Further study details as provided by GlaxoSmithKline:

Primary Outcome Measures:
  • Parasitological cure rate, PCR corrected, at day 28 in the PP population The ITT population is a key supportive analysis.

Secondary Outcome Measures:
  • Parasitological cure rate, PCR-corrected, at day 14 and 42 ACPR, and ACPR PCR corrected at day 14, 28 and 42 Summary of asexual parasite densities on days 0, 1, 2, 3, 7, 14, 28 and 42 by treatment group.

Estimated Enrollment: 1395
Study Start Date: June 2006
Intervention Details:
    Drug: chlorproguanil-dapsone-artesunate Drug: artemether-lumefantrine
    Other Name: chlorproguanil-dapsone-artesunate

Ages Eligible for Study:   12 Months to 14 Years   (Child)
Genders Eligible for Study:   Both
Accepts Healthy Volunteers:   No

Inclusion criteria:

  • Acute, uncomplicated P.falciparum malaria, microscopically confirmed
  • Temperature at screening of 37.5oC or or more or confirmed history of fever within previous 24 hours
  • Weigh 7.5kg or over
  • Screening haemoglobin (Hb) of 7g/dl or over, or haematocrit of 25% or more(If Hb not available at screening)
  • Willingness to comply with the study visits and procedures, as outlined in the informed consent form
  • Written or oral witnessed consent has been obtained from parent or guardian
  • Assent is given by a child aged 12 years or over, in addition to the consent of their parent or guardian

Exclusion criteria:

  • Features of severe/complicated falciparum malaria
  • Hypersensitivity to active substances (chlorproguanil, dapsone, artesunate, artemether, lumefantrine)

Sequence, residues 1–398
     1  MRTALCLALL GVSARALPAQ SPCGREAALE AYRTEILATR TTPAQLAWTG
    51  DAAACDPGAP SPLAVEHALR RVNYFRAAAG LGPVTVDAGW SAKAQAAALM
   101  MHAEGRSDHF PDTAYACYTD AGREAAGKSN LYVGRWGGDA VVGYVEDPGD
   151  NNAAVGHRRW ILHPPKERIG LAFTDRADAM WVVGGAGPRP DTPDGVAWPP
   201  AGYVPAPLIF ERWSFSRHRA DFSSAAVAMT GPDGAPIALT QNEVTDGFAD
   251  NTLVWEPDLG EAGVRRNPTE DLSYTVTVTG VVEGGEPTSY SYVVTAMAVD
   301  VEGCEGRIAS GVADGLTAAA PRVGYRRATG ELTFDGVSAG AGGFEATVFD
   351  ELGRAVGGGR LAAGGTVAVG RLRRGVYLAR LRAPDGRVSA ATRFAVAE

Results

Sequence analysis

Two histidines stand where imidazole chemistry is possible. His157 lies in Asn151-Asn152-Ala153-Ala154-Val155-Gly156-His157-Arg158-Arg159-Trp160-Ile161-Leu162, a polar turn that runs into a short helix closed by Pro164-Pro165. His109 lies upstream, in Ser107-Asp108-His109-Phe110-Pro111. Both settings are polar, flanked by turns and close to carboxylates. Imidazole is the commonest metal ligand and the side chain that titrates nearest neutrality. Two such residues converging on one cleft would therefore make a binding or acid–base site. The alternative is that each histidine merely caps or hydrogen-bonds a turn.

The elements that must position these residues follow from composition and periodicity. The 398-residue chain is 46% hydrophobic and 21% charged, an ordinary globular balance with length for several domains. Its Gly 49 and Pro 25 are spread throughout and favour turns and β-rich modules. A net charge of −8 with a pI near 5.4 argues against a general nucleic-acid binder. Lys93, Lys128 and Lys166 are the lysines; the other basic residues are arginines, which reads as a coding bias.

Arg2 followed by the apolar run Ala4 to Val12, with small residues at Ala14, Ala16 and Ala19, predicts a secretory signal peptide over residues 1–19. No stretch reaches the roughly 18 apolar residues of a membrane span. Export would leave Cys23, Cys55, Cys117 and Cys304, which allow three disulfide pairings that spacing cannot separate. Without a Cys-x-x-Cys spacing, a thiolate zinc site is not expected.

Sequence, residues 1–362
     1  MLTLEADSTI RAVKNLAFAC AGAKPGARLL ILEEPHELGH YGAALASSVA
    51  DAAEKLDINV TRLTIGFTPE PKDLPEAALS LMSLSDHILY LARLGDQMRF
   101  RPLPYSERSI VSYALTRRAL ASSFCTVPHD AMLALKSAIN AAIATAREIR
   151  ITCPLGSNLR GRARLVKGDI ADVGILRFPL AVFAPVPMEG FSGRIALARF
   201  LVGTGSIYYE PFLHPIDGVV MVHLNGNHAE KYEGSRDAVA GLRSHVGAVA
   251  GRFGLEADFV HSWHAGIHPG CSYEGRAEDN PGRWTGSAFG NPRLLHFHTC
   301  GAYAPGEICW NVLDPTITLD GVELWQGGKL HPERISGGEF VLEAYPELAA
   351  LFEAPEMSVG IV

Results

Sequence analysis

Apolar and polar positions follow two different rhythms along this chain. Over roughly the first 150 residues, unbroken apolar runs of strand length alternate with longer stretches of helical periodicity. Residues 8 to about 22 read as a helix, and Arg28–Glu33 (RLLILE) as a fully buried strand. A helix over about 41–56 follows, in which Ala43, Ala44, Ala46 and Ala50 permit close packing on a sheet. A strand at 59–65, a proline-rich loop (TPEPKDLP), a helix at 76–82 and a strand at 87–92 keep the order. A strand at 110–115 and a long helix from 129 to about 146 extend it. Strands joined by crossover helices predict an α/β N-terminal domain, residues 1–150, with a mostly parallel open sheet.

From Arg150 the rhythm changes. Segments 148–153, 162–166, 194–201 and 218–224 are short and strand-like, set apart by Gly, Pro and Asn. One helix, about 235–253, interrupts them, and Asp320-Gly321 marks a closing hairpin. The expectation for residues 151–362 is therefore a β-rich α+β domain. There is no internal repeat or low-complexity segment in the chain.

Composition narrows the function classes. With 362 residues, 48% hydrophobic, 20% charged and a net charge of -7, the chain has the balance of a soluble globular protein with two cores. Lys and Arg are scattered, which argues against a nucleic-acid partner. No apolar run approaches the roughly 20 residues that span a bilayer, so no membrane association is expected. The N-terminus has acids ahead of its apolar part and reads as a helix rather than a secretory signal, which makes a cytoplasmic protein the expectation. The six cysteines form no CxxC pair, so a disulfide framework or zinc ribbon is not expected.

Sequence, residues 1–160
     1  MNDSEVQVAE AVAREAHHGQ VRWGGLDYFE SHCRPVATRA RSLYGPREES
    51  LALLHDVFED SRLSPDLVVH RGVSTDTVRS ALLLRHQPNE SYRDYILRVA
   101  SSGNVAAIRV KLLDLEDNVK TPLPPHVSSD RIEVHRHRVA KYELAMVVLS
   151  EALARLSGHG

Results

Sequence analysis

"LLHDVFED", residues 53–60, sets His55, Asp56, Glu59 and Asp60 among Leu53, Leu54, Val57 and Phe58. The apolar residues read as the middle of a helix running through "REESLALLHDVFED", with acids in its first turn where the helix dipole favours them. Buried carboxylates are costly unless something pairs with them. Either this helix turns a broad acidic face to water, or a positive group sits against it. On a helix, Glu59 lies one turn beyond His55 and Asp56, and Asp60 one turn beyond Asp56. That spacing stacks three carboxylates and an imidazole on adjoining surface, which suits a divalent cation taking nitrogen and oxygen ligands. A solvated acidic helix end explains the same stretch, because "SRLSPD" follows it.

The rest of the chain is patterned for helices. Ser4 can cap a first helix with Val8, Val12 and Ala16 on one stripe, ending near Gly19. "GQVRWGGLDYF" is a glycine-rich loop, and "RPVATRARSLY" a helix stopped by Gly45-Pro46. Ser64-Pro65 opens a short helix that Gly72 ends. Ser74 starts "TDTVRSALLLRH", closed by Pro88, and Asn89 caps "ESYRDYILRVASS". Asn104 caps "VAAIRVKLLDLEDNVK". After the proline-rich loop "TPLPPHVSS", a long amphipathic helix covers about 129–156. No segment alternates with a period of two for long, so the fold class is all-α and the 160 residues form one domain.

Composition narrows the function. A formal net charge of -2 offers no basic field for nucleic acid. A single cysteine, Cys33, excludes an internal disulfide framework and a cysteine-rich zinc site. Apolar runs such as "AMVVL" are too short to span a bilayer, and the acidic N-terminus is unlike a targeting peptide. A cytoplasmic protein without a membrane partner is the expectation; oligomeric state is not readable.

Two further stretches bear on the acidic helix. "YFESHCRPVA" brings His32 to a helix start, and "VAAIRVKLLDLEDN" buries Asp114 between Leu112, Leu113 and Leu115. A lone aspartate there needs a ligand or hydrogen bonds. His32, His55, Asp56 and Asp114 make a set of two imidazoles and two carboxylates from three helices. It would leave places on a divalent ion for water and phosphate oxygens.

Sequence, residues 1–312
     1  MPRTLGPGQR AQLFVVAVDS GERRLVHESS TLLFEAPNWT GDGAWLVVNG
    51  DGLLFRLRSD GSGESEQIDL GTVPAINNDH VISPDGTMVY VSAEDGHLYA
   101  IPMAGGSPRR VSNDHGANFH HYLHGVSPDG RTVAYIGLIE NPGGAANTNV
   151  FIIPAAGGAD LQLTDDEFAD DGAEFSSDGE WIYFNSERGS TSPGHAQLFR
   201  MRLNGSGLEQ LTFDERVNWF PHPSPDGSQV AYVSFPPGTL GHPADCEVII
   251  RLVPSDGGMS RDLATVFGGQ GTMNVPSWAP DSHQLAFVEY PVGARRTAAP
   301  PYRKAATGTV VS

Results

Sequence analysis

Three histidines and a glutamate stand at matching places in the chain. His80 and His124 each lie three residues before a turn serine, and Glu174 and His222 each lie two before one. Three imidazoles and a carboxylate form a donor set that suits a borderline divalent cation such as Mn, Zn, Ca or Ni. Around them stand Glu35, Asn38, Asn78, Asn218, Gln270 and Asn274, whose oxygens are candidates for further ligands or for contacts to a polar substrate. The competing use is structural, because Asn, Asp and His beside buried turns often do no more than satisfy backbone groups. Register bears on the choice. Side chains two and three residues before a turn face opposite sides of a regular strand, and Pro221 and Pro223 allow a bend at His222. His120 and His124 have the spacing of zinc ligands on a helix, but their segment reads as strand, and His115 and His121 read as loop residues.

• Known allergy to biguanides, sulphones, sulphonamides, artemisinin derived products or aminoalcohol drugs
  • Known history of G6PD deficiency
  • Infants with a history of hyperbilirubinaemia during the neonatal period
  • Use of concomitant medications that may induce haemolysis or haemolytic anaemia from the WHO (World Health Organization) list of essential drugs
  • Evidence of any concomitant infection at the time of presentation (including P. vivax, P. ovale and P. malariae)
  • Any other underlying disease that may compromise the diagnosis and the evaluation of the response to the study medication (including clinical symptoms of immunosuppression, tuberculosis, bacterial infection; cardiac or pulmonary disease)
  • Malnutrition, defined as a child whose weight-for-height is below -3 standard deviations or less than 70% of the median of the NCHS/WHO normalised reference values